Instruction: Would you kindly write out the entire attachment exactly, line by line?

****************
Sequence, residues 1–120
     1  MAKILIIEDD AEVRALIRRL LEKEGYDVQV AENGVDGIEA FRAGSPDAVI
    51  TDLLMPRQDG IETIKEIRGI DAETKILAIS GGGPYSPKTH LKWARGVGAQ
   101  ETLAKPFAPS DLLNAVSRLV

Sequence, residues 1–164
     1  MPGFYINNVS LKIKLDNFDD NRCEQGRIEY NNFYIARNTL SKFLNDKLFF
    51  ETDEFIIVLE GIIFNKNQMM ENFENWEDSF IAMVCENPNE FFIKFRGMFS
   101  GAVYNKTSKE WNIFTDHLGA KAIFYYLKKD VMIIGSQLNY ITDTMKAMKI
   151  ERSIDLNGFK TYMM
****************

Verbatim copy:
Sequence, residues 1–120
     1  MAKILIIEDD AEVRALIRRL LEKEGYDVQV AENGVDGIEA FRAGSPDAVI
    51  TDLLMPRQDG IETIKEIRGI DAETKILAIS GGGPYSPKTH LKWARGVGAQ
   101  ETLAKPFAPS DLLNAVSRLV

Sequence, residues 1–164
     1  MPGFYINNVS LKIKLDNFDD NRCEQGRIEY NNFYIARNTL SKFLNDKLFF
    51  ETDEFIIVLE GIIFNKNQMM ENFENWEDSF IAMVCENPNE FFIKFRGMFS
   101  GAVYNKTSKE WNIFTDHLGA KAIFYYLKKD VMIIGSQLNY ITDTMKAMKI
   151  ERSIDLNGFK TYMM